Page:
8 years after Supertyphoon Yolanda, pain lingers for survivors | Inquirer News

8 years after Supertyphoon Yolanda, pain lingers for survivors

/ 04:35 AM November 09, 2021

MASS GRAVE: The families of some of more than 2,000 who died during the onslaught of Supertyphoon “Yolanda” (international name: Haiyan) on Nov. 8, 2013, visit the mass grave in Tacloban City for typhoon victims on Monday, the eighth anniversary of the tragedy. —JOEY GABIETA

TACLOBAN CITY, Leyte, Philippines — Eight years have passed since Supertyphoon Yolanda (international name: Haiyan) pummeled this city and the rest of Eastern Visayas and many other parts of Cebu and Panay Islands.

But Oscar Mabini has still to get over the loss of his 27-year-old daughter Cristina and two granddaughters in a storm surge that hit their community in Barangay 69, Anibong District, in the morning of Nov. 8, 2013.


“The pain of losing my eldest daughter, together with her two young kids, age 2 and 4, is still fresh. I will never get tired of coming here to visit them for as long as I live,” said the 68-year-old retired seaman who visited the mass grave for the typhoon victims in Barangay Basper here on Monday.


At least 2,200 people, who died at the height of Yolanda, were buried in the mass grave put up by the city government of Tacloban inside the compound of Holy Cross cemetery in Basper.

Mabini said he was not even sure if the white cross that marked the grave where he lit some candles was that of his daughter and grandchildren.

“What I did was I counted 11 steps from the entrance [of the mass grave] and eight steps to the right. That was where I offered the candles and prayed for their eternal repose,” he said.

Eleven, he said, represented the month of November while eight was the day when the supertyphoon wreaked havoc in Tacloban.

The city government established the 1.2-hectare mass grave as a memorial park with thousands of white crosses a year after Yolanda hit the city. The mass grave was where most of the dead, mostly unnamed and decomposing, were hurriedly buried days after the typhoon. Since then, relatives of those who died during the supertyphoon have been visiting the mass grave every All Saints’ and Souls’ Days on Nov. 1 and Nov. 2, except for this year when visits to cemeteries were prohibited to avoid the spread of COVID-19.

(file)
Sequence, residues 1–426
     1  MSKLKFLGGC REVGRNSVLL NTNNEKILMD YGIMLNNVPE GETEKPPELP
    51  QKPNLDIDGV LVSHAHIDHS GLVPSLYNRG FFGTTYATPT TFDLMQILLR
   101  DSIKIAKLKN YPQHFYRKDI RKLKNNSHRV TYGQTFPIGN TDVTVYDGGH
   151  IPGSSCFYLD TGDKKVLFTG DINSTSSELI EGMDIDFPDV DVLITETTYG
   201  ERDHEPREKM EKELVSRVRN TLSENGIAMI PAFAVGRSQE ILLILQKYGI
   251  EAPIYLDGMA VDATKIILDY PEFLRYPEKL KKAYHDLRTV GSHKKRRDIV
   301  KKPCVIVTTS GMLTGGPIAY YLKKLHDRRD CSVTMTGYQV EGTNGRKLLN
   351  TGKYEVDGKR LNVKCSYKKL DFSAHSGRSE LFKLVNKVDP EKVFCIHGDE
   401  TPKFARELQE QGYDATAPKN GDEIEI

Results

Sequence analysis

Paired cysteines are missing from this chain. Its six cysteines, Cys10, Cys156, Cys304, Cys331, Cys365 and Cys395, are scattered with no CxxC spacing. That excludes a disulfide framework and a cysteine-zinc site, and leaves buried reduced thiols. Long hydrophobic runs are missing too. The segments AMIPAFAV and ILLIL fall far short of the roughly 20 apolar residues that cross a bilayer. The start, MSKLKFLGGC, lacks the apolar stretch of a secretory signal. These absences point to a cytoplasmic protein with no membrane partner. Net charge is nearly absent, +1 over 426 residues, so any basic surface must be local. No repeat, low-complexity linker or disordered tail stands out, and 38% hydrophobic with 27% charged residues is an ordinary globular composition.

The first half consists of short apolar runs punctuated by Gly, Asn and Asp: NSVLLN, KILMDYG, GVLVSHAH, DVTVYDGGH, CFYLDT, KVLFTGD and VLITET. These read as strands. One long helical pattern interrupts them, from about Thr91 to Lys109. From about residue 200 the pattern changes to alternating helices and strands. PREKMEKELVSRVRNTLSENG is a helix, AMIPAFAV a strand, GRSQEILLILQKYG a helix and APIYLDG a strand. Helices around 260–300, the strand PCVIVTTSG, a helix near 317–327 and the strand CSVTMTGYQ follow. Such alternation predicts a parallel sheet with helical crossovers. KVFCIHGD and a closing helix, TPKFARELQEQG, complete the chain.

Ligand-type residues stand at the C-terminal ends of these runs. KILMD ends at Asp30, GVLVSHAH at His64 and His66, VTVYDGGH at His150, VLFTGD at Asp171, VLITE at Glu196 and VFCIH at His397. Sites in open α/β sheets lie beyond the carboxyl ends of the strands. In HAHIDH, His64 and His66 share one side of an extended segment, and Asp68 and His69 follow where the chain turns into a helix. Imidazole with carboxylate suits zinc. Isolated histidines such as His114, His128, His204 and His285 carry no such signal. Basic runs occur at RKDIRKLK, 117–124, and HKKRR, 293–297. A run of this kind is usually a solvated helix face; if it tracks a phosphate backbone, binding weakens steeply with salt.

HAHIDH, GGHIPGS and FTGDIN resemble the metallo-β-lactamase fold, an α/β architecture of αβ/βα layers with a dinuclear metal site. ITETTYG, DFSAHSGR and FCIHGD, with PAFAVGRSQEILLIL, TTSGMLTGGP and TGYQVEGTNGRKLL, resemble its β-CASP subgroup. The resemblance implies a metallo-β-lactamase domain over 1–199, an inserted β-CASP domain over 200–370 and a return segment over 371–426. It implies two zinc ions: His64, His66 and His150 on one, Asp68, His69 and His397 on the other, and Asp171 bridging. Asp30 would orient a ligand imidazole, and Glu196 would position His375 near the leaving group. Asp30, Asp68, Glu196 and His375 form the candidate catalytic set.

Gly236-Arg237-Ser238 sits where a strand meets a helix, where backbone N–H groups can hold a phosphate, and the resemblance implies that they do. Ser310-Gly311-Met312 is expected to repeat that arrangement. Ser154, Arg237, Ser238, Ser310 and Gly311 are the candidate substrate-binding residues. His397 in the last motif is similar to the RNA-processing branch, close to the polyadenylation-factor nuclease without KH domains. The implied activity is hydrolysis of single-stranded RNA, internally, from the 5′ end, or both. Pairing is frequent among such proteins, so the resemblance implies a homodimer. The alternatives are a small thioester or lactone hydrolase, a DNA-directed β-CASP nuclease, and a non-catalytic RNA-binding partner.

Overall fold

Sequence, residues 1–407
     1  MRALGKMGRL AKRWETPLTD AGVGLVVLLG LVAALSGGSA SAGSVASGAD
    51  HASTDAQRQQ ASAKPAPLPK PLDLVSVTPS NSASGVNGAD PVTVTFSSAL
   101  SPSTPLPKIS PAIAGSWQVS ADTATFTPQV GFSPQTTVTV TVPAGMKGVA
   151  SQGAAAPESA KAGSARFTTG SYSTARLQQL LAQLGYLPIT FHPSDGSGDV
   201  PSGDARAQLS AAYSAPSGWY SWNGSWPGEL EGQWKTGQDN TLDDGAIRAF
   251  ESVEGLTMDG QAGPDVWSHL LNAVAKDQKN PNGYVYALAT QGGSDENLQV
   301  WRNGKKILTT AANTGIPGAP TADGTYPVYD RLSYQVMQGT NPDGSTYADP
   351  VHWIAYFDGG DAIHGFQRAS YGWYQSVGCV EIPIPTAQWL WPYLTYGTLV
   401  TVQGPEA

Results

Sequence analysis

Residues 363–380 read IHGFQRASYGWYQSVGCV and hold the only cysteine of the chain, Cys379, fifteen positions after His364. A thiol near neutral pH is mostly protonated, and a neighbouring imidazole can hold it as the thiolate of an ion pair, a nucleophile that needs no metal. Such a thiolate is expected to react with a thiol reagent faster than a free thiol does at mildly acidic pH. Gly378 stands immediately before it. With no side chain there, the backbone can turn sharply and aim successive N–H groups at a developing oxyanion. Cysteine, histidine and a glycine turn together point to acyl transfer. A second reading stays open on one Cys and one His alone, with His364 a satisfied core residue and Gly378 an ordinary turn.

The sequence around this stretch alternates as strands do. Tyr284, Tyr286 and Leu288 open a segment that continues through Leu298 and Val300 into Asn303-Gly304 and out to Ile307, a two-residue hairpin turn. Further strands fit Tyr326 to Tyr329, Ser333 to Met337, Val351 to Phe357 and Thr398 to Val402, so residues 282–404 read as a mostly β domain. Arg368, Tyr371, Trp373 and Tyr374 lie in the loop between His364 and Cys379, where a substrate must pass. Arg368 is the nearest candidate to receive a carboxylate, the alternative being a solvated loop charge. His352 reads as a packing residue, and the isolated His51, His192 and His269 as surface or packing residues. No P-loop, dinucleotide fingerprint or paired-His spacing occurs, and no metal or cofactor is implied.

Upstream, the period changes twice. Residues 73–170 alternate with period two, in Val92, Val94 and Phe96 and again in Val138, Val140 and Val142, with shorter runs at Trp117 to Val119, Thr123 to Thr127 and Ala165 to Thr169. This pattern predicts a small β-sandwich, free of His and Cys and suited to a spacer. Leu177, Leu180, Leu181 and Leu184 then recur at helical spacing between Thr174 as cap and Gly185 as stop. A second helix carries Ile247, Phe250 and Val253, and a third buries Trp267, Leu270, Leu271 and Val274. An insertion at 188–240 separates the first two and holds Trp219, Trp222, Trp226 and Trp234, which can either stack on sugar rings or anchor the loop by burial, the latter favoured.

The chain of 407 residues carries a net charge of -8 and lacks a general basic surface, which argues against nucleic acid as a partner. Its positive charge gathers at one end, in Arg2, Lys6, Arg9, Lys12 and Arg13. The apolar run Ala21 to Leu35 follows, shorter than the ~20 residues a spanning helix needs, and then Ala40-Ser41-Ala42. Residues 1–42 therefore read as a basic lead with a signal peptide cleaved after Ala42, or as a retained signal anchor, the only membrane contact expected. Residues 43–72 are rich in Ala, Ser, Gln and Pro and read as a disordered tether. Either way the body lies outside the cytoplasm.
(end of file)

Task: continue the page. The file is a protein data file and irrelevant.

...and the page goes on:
Faith and hope

Mayor Alfred Romualdez, who led the eighth anniversary of Yolanda on Monday at the mass grave, said the city already “moved on” from the massive tragedy but would not forget those who died.


He credited Taclobanons for their resilience and was thankful to the outpouring of help from local and international communities.

“I am happy to see that after eight years, we’ve moved on. From what I’ve seen, it clearly shows that a community that stands together, lives together,” said Romualdez, who was also the city’s mayor when Yolanda struck.

FOR VICTIMS OF NATURE’S WRATH Relatives of victims of Supertyphoon “Yolanda” light candles and offer wreaths during a Mass at Malate church in Manila on Monday to mark the eighth year of the disaster that killed more than 6,000 people, mostly in the Eastern Visayas region. —MARIANNE BERMUDEZ

Fr. Willy Vallar, who officiated the anniversary Mass, also gave credit to the various humanitarian groups that came to the city and even the journalists who reported about the tragedy in Tacloban and the rest of the region.

“Thank you for the love, care, and concern [which are] why we were able to recover,” he said in his homily.

Vallar said “faith and hope” among Taclobanons played a vital role in their recovery.

Other areas in Eastern Visayas also commemorated the eighth anniversary of Yolanda although they made it simple and low-key due to restrictions caused by the COVID-19 pandemic.

Classes and work were suspended in many parts of Eastern Visayas, which is composed of the provinces of Leyte, Southern Leyte, Northern Samar, Eastern Samar, Samar, and Biliran to remember their loved ones who perished in the supertyphoon.

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Before sunset, church bells in Eastern Visayas simultaneously pealed to commemorate those who died during the supertyphoon.


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